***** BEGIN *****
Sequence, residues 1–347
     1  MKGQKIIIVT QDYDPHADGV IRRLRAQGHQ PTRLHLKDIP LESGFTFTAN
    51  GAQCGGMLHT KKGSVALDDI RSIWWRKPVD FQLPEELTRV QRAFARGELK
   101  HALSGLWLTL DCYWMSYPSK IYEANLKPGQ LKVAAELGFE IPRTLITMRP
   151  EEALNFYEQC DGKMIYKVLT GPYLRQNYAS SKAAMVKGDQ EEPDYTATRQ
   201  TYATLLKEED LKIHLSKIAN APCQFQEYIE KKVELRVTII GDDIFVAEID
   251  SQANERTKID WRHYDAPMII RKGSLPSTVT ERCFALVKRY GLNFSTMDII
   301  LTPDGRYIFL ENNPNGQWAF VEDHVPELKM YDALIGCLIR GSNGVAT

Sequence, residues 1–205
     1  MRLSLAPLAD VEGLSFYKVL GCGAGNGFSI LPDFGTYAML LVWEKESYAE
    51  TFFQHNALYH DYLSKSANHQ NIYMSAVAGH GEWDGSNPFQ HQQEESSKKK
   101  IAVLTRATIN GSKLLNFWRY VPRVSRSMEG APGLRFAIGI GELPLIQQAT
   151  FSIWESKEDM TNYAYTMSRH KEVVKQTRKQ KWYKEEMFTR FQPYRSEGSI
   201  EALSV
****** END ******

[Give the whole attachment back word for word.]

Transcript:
Sequence, residues 1–347
     1  MKGQKIIIVT QDYDPHADGV IRRLRAQGHQ PTRLHLKDIP LESGFTFTAN
    51  GAQCGGMLHT KKGSVALDDI RSIWWRKPVD FQLPEELTRV QRAFARGELK
   101  HALSGLWLTL DCYWMSYPSK IYEANLKPGQ LKVAAELGFE IPRTLITMRP
   151  EEALNFYEQC DGKMIYKVLT GPYLRQNYAS SKAAMVKGDQ EEPDYTATRQ
   201  TYATLLKEED LKIHLSKIAN APCQFQEYIE KKVELRVTII GDDIFVAEID
   251  SQANERTKID WRHYDAPMII RKGSLPSTVT ERCFALVKRY GLNFSTMDII
   301  LTPDGRYIFL ENNPNGQWAF VEDHVPELKM YDALIGCLIR GSNGVAT

Sequence, residues 1–205
     1  MRLSLAPLAD VEGLSFYKVL GCGAGNGFSI LPDFGTYAML LVWEKESYAE
    51  TFFQHNALYH DYLSKSANHQ NIYMSAVAGH GEWDGSNPFQ HQQEESSKKK
   101  IAVLTRATIN GSKLLNFWRY VPRVSRSMEG APGLRFAIGI GELPLIQQAT
   151  FSIWESKEDM TNYAYTMSRH KEVVKQTRKQ KWYKEEMFTR FQPYRSEGSI
   201  EALSV